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D'Errico family sees possible ESG fees as a problem

By Brian Hillabush

Alyssa D'Errico has always been a star on the volleyball court. She has won state titles, club titles and two national championships at Penn State.

But one of her favorite volleyball memories is the 2006 Empire State Games when she was chosen to kick off the ceremony by lighting the torch that kicked off the opening ceremony.  

D'Errico has three gold medals in the scholastic competition and picked up a silver in the open division last year.

With the news that athletes may have to pay up to $300 to play in the games, she isn't positive she will be back for another ESG.

"It doesn't really bother me right now because I'm so far removed," D'Errico said. "If I was still in high school, it would bother me. But right now I'm not as big a part of the team and I would be playing open. But as a college student, I don't know if I could play if they charged $300. I think it would make it a lot less fun because I've always looked forward to playing for and representing Western New York."

Alyssa made an excellent point when the idea of having to pay to play in the ESG came up. She believes it is an honor to represent your region, but a player would be better off spending the money to pay to play club volleyball, where she will be noticed by college recruiters.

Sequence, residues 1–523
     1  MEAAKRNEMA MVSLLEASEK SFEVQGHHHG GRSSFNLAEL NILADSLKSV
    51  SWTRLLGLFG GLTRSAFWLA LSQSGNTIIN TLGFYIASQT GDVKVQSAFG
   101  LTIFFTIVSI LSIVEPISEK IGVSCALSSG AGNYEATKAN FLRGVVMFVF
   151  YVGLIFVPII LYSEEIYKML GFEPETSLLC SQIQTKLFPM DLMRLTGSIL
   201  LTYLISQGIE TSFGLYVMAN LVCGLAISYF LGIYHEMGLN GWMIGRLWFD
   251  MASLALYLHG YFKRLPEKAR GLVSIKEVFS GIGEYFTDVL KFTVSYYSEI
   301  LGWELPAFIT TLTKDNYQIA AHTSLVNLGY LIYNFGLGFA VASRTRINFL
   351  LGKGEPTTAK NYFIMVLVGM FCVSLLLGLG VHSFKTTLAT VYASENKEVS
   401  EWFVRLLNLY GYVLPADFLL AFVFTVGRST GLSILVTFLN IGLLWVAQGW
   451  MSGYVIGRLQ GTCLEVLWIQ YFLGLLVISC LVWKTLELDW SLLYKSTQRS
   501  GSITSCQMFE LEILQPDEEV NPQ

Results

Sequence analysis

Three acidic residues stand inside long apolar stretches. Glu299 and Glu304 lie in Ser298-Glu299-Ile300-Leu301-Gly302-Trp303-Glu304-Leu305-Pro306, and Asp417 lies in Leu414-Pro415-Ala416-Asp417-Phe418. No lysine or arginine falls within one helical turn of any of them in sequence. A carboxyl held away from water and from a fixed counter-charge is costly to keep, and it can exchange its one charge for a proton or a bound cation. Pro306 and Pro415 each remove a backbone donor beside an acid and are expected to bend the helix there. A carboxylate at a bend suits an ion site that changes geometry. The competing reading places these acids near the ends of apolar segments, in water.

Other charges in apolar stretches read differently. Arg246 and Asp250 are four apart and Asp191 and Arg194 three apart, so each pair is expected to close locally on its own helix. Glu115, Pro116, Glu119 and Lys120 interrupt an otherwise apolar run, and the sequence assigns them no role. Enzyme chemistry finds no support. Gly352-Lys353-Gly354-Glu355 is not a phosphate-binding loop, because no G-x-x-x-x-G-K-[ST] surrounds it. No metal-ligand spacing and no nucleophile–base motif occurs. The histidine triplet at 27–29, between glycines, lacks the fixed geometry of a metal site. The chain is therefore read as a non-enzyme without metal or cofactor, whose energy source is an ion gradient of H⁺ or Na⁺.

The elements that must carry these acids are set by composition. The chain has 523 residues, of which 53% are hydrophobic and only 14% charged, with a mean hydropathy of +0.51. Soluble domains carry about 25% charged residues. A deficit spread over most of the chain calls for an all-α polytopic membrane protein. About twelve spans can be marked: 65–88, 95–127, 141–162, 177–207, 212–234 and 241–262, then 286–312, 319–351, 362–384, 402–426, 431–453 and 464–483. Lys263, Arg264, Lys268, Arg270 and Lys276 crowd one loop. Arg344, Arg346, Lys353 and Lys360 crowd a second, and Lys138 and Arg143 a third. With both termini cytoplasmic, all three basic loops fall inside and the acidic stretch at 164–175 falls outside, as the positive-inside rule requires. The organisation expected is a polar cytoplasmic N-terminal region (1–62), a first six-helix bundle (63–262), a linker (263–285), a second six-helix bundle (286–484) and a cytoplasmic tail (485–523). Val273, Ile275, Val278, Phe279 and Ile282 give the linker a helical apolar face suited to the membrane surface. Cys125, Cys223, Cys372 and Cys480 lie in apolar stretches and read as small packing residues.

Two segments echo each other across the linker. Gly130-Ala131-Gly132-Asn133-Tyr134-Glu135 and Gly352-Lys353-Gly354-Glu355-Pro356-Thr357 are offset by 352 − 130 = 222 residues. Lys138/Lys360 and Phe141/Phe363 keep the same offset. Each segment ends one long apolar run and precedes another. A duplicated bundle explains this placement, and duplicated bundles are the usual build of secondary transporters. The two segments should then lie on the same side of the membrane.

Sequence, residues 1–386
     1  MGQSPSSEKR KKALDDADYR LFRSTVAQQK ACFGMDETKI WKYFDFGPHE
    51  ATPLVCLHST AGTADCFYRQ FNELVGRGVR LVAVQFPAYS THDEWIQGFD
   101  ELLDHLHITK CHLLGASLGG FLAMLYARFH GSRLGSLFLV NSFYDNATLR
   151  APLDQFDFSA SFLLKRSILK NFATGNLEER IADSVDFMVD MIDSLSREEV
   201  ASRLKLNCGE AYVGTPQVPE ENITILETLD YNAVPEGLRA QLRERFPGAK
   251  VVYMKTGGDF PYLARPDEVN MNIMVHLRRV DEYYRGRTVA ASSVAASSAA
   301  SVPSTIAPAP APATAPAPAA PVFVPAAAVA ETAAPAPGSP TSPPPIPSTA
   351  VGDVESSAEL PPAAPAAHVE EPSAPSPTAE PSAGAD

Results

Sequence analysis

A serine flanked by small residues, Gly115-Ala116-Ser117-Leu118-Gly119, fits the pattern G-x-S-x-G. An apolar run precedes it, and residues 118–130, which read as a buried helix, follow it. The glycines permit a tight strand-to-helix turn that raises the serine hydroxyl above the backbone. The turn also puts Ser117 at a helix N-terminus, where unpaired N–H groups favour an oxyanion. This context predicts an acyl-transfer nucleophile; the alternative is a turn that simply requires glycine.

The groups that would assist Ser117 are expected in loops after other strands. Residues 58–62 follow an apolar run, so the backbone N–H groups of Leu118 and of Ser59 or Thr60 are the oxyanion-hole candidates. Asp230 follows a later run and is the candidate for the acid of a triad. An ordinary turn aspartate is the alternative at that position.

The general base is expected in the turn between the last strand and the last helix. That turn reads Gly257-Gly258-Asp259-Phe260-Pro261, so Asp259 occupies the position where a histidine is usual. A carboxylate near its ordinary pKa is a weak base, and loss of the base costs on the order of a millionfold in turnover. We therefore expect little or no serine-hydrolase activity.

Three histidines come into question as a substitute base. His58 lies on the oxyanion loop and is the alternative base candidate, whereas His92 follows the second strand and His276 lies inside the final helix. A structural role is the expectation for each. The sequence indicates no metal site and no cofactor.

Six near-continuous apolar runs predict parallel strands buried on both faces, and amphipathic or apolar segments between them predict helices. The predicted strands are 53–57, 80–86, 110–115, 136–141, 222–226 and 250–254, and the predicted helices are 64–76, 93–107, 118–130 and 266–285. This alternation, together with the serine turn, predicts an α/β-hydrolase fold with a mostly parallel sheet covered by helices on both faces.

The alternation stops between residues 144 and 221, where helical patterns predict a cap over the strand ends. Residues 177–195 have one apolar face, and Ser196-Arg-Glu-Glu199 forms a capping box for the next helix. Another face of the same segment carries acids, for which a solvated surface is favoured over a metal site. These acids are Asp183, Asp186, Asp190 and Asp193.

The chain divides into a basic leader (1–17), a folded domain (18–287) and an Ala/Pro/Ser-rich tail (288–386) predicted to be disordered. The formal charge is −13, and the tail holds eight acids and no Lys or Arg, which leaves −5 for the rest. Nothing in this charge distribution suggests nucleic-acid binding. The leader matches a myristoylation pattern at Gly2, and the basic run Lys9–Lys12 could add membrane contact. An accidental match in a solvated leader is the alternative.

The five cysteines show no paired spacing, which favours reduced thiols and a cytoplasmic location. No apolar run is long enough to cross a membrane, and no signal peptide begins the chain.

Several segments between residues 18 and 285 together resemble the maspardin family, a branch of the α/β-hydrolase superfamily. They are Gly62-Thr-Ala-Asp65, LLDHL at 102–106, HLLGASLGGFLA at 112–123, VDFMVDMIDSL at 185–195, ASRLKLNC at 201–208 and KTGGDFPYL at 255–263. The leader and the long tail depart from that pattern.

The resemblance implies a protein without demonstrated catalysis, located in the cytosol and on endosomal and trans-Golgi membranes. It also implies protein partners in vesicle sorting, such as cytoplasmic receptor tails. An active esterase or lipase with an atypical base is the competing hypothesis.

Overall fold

D'Errico won three state titles at Byron-Bergen while reaching the 1,879 kills and 1,521 digs in her career.

But a big reason why she landed a Division I scholarship to play with Penn State is because of her years with the VolleyFX Magic Club. She helped lead that team to four regional titles and a 17th-place finish in the 2006 nationals.

"For $300, you can go to a camp and get training, rather than just play," D'Errico said. "It was a great experience, but I guess it depends on who (the ESG team) is trying to attract. It is definitely going to deter people from trying out because of the cost."

Alyssa's mother Cindy was a member of the 1977 volleyball national A2 team and is still heavily involved in the sport. She coached the Bees while Alyssa was in high school and still attends all of her home matches at Penn State.

She helps scholastic coach Rob Werkmeister with player selection and runs the masters division, which could be one of the sports eliminated if there are cut-backs.

She thinks a charge would make things very difficult for a lot of players.

"It's going to be tough," Cindy said. "There are going to be families and parents that are going to have to decide if going to Empires is going to benefit their sons or daughters."

Brian Hillabush

Wow Russ, we agree.
The Eddie Meath Game is terrible. You pay whatever to watch large school kids play. The locals (Le Roy, Pembroke) don't even get in the game.

Jan 7, 2009, 12:54am Permalink

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